On the other hand, it is hard to see how any small bank in western Canada could have stood up under the fearful strain of the last two years. It is idle to suggest small independent banks under our present system; yet the Weyburn Security Bank has stood up. As an illustration of the way the branch banking system works out, let us take the case of two cities and

institute a comparison. Calgary has no local banks. Nearly every business of importance in that town is owned outside of the city, except the large packing plant. On the other hand Spokane has very large, prosperous banks owned by the citizens. Practically every business activity in the city is owned by its own people. Consequently it attracts to its citizenship the best of the ability in the territory tributary to it. Its banks not only finance the needs of its own citizens but also the temporary needs of the region of which it is the commercial capital. As the profits of the business conducted in the city go to its own citizens there is consequently very much more money available for all purposes. Surely it is not hard to determine which is the better policy for the building up of a city.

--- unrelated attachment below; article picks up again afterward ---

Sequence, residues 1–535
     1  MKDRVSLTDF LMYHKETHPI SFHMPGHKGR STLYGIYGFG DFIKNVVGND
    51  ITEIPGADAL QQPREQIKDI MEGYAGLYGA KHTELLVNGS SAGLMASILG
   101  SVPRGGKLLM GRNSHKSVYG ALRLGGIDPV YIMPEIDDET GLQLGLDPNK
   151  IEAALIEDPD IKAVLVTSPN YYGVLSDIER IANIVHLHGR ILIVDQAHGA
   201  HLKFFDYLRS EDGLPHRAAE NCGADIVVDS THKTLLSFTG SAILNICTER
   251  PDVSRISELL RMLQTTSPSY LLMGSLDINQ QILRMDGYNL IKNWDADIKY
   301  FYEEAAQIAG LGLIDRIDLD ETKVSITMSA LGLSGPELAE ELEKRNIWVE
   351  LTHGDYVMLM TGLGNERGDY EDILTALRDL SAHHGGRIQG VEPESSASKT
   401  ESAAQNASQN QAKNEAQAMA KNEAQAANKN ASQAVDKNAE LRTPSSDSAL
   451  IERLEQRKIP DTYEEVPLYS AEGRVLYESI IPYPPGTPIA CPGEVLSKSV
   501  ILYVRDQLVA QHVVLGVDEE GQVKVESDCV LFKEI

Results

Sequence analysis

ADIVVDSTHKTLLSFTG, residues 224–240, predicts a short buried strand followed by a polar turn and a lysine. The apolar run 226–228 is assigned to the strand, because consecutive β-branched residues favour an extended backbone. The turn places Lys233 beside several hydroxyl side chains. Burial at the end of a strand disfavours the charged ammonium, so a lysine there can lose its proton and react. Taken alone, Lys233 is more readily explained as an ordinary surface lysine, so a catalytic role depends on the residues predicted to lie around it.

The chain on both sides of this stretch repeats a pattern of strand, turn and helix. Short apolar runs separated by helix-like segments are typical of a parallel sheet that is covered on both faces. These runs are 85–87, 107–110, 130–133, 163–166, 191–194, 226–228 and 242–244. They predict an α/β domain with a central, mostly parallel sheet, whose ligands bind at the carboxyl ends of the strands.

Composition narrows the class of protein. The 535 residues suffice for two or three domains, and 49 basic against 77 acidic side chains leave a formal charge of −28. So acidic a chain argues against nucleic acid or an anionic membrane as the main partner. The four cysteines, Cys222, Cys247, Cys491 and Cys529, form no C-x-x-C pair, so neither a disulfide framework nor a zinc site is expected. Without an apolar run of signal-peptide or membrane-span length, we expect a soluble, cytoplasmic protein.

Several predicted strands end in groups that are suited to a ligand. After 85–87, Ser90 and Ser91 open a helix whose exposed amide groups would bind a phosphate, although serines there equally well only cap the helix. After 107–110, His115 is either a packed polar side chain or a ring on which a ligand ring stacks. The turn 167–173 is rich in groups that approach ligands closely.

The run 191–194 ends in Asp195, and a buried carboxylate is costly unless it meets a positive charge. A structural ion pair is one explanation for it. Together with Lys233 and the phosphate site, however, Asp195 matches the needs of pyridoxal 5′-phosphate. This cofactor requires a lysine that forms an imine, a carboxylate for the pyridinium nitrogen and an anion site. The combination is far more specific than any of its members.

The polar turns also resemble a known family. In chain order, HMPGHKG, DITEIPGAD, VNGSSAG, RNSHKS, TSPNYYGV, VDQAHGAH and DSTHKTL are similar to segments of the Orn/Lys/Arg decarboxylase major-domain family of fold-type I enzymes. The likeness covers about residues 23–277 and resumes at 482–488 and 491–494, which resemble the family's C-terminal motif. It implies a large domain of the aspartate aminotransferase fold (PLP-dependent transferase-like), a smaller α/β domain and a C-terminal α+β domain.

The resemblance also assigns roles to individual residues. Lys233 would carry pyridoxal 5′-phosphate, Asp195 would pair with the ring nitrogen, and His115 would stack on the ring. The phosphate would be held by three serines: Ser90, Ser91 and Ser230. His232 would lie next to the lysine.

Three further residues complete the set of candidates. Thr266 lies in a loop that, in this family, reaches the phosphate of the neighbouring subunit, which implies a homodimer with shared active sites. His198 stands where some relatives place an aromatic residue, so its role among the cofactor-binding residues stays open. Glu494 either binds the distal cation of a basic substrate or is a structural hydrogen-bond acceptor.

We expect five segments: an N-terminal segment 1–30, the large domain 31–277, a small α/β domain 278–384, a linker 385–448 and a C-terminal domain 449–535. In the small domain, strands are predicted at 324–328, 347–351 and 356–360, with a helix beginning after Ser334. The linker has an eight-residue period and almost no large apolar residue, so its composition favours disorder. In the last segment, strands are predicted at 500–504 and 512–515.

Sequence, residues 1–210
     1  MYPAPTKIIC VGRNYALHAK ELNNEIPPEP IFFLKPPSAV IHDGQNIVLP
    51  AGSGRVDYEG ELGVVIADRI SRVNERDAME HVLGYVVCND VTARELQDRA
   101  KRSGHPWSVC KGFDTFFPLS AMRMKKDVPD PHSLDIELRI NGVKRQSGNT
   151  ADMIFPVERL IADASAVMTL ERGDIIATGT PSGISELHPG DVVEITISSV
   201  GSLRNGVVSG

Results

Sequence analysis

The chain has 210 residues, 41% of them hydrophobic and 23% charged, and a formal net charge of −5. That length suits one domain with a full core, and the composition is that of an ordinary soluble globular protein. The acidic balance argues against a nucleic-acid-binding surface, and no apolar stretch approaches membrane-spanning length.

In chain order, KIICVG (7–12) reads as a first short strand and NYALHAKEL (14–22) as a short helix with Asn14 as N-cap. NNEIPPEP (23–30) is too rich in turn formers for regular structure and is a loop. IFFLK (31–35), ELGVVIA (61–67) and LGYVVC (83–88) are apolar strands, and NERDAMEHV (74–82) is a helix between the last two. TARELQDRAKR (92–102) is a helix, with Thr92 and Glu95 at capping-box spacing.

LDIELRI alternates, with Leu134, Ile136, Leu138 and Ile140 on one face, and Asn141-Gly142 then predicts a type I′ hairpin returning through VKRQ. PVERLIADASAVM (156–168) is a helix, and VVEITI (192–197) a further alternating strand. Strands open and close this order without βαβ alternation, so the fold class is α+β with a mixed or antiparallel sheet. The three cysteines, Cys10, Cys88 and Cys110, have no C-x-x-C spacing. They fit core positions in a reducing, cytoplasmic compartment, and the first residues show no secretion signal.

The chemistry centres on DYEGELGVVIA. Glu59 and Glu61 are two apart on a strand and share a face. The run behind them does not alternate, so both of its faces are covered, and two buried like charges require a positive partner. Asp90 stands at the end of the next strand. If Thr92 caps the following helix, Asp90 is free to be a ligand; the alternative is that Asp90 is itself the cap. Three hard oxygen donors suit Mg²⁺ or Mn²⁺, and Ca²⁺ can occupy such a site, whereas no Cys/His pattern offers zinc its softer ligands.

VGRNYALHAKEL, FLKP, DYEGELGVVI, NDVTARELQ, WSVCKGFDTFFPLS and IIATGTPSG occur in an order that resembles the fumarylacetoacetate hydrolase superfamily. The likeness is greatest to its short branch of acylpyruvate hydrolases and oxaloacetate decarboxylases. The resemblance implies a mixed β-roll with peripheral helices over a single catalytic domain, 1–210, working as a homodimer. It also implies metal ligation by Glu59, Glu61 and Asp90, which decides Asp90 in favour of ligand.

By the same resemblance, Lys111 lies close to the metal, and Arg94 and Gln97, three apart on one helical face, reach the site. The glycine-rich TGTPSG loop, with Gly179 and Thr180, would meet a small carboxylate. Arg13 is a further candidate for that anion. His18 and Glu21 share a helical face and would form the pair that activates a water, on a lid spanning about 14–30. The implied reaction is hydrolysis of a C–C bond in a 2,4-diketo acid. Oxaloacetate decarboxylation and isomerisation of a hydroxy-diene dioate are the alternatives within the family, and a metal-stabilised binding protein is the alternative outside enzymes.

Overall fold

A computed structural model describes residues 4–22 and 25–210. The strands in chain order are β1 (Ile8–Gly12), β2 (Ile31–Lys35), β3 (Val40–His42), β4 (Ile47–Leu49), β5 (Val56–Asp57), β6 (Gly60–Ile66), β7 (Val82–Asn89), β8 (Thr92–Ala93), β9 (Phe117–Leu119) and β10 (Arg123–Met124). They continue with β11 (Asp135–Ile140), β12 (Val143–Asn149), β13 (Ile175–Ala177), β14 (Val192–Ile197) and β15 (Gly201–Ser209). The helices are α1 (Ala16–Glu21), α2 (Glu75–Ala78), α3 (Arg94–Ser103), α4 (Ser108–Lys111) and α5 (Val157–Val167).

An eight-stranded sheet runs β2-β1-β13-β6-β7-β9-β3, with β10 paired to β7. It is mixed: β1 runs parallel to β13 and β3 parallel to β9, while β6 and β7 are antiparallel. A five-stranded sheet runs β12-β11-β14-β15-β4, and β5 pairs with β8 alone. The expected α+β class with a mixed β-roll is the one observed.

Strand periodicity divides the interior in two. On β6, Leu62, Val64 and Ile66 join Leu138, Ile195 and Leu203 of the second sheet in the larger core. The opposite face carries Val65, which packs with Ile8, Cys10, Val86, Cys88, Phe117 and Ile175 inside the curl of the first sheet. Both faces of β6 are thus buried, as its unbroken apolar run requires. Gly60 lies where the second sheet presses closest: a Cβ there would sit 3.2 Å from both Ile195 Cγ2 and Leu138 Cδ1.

Is not the same condition of affairs as exists in Calgary, true also of Winnipeg?

As the Maritime Provinces lost their banks they also lost control of their industries. It may be laid down as a general rule that the control of industry and commerce resides where large banking interests are domiciled. Why should Winnipeg not own its own business and industries, to the same extent that St. Paul, Minneapolis, Duluth or Fargo do? What proportion of the great profits of the grain business apart from salaries, comes to the citizens of Winnipeg? What part have they in the immensely profitable milling business of Western Canada? One cannot help but think that there is very close connection between the conditions that exist, whatever they may be, and the banking of Canada.